Olive-oil fraud was already common in antiquity. Galen tells of unscrupulous oil merchants who mixed high-quality olive oil with cheaper substances like lard, and Apicius provides a recipe for turning cheap Spanish oil into prized oil from Istria using minced herbs and roots. The Greeks and the Romans used olive oil as food, soap, lotion, […]
Chinese authorities have recently detained or questioned more than 150 human rights lawyers and activists in an unprecedented nationwide crackdown. Some detainees are missing, and a petition is calling on the U.S. to cancel the Chinese president’s upcoming state visit. In his April New Yorker story “Born Red,” Evan Osnos profiled Big Uncle Xi (the state news […]
Drug kingpin Joaquín Guzmán Loera, known as “El Chapo,” escaped from a maximum-security prison in Mexico this weekend. It’s his second prison escape. “Anyone who makes a mile-long tunnel from his cell and escapes on a motorcycle is necessarily in collusion with the government,” a government official told Patrick Radden Keefe in his New Yorker […]
Joyce Mitchell, alleged accomplice to two murderers on the loose from Clinton-Dannemora correctional facility in New York, is hardly the only prison employee to ever have allegedly aided—and had sex with—detainees. From Jeffrey Toobin’s “This Is My Jail” in the April 14, 2014 issue of The New Yorker: Many relationships between guards and inmates appear to have […]
Their persistently cheery e-mail updates [from the crew in the Hawaii-based simulation] raise a question: Does a happy crew tell NASA anything useful? Binsted argues that upbeat blog posts don’t always tell the whole story. Small gripes often emerge in the post-study interviews, when subjects know that their replies will be kept anonymous. It was […]
In my not-so-past life as a fashion magazine addict (let’s be real—I bought seven of last month’s fashion mags for a quarter each at a recent library sale), this time of year was crucial to me. What kinds of skirts would appear on the pages of Seventeen? Would I be able to afford them? Would one-piece swimsuits finally be cool? Was this the year I started blow-drying my hair?! Each issue was a mini-New Year’s. Anything was possible.
It’s not clear what the Audubon Society did to piss off Jonathan Franzen. But the Audubon that emerges from Franzen’s essay is a band of once-scrappy conservationists who have grown content to peddle squeaky plush toys and holiday cards; we’ve seized on climate change, apparently, in a last grab at relevance. In order to gin up […]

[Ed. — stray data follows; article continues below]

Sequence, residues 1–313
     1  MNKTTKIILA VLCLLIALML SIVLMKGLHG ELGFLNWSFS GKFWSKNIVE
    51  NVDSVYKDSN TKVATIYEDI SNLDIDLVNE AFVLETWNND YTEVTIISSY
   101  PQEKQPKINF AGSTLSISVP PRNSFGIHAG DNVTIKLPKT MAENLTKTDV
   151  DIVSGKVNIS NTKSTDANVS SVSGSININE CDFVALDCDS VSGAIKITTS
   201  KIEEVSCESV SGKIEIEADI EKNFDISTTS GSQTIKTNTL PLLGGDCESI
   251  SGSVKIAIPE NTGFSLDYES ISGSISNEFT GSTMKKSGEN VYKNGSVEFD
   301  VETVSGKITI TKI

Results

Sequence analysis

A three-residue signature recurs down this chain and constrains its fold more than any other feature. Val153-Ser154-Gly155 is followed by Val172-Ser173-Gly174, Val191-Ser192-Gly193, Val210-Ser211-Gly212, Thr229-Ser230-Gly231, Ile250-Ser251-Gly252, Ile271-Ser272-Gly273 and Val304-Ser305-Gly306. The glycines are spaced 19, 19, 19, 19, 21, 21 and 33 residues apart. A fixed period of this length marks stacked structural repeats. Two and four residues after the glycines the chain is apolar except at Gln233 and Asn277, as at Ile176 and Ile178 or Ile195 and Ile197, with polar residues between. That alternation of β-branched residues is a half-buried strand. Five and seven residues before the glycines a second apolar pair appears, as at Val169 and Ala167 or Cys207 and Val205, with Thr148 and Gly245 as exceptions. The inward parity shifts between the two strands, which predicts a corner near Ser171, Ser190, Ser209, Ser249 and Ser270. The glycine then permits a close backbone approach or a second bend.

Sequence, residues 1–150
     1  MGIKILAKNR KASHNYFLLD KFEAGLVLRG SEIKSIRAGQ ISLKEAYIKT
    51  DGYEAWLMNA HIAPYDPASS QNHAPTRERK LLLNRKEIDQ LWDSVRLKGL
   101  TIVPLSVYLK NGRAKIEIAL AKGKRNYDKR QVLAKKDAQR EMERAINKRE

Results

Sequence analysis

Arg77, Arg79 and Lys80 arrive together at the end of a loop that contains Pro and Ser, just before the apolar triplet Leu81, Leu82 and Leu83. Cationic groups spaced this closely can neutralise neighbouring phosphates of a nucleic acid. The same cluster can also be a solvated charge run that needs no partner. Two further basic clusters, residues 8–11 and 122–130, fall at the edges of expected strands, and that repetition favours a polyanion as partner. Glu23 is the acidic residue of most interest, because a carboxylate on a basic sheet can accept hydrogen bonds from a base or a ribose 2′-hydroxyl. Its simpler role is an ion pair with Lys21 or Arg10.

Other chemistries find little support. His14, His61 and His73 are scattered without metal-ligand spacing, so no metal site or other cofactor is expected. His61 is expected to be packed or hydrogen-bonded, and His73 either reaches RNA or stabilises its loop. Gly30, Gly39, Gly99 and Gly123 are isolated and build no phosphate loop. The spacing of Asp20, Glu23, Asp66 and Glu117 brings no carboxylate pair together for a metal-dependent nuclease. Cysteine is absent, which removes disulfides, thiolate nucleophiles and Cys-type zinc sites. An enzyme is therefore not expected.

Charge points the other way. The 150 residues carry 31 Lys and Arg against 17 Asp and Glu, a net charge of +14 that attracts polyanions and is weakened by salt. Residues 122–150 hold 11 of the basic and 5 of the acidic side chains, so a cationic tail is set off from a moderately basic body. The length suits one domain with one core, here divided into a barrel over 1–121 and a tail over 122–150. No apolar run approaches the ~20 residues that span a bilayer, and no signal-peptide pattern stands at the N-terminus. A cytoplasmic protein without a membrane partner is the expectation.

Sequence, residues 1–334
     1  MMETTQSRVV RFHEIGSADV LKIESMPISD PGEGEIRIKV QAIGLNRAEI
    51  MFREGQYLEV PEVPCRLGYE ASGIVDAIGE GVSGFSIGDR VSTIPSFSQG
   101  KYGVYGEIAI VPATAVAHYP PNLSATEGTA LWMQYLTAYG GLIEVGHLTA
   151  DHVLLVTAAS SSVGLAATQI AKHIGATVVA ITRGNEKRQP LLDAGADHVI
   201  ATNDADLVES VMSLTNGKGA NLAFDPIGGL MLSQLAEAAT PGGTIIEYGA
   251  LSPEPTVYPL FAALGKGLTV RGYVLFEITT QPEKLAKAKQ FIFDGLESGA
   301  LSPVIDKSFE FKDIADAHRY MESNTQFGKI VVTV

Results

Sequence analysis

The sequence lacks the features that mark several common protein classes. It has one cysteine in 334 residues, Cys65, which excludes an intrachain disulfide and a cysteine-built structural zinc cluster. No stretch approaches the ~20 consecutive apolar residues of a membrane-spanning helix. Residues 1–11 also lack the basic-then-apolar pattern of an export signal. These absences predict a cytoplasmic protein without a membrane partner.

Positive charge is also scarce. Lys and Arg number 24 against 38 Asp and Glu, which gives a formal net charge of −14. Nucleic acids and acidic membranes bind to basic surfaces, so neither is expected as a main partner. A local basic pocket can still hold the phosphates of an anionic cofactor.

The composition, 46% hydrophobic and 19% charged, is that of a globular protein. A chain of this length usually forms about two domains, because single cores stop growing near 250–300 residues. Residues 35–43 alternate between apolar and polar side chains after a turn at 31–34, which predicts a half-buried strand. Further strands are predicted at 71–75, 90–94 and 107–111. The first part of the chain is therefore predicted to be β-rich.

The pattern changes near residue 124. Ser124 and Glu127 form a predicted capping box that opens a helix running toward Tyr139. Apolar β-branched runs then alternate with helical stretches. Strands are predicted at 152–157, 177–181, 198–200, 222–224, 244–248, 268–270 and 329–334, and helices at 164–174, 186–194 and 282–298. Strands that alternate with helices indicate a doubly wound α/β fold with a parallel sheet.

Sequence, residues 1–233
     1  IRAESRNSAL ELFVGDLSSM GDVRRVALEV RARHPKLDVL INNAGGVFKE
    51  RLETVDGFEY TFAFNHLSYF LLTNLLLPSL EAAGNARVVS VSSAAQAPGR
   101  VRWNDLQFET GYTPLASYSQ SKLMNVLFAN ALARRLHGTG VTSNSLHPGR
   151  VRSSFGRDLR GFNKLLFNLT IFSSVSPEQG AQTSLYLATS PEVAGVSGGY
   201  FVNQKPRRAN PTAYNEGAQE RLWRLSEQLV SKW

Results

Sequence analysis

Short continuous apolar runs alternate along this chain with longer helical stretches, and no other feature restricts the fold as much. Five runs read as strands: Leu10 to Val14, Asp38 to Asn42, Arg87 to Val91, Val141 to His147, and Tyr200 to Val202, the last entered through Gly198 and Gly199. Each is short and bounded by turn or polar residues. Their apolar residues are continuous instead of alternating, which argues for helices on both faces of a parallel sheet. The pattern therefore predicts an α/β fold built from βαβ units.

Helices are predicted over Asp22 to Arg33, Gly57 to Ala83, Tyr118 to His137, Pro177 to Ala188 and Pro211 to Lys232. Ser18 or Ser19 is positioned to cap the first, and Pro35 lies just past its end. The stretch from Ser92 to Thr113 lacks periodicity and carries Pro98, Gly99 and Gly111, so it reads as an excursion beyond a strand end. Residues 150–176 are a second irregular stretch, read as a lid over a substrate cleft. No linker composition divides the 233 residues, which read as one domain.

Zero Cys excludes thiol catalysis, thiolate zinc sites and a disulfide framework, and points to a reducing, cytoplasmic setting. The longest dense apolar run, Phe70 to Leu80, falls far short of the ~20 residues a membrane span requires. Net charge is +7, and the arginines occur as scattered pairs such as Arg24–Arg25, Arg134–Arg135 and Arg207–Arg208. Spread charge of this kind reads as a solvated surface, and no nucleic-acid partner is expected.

[Allison] Jones began her career with the two-beats-and-a-punch-line sitcoms of the nineteen-eighties, but, in working with Feig and the director Judd Apatow, she was required to try something revolutionary: find comedic actors who, more than just delivering jokes, could improvise and riff on their lines, creating something altogether different from what was on the page. […]
When Pauline Kael typed “prevert” instead of “pervert,” she meant “prevert” (unless she was reviewing something by Jacques Prévert). Luckily, she was kind, and if you changed it she would just change it back and stet it without upbraiding you. Kael revised up until closing, and though we lackeys resented writers who kept changing “doughnut” to “coffee cake” then back to “doughnut” and then “coffee cake” again, because it meant more work for us, Kael’s changes were always improvements.
“Job title: bookseller.” Every time I sneak a glance at the sheaf of employment forms and tax information, I can’t believe it. That job title is mine, now. It’s a lifelong dream come true, as cliche as that sounds. True to millennial form, I’m going to do Online Things for my local indie: blogging, tweeting, […]
Getting to his desk near the Journal sports department required passing innumerable copies of the day’s paper, which had the result printed across the top of the front page. He recruited nearby coworkers to alert him to possible danger—the newsroom has enough televisions to make a Best Buy manager envious—and when an editor from another desk walked by wearing a Patriots jersey, a friend warned Carney not to look up. At one point, Carney had nineteen unread text messages and eighty-six unclicked e-mails.
The Web dwells in a never-ending present. It is—elementally—ethereal, ephemeral, unstable, and unreliable. Sometimes when you try to visit a Web page what you see is an error message: “Page Not Found.” This is known as “link rot,” and it’s a drag, but it’s better than the alternative. More often, you see an updated Web […]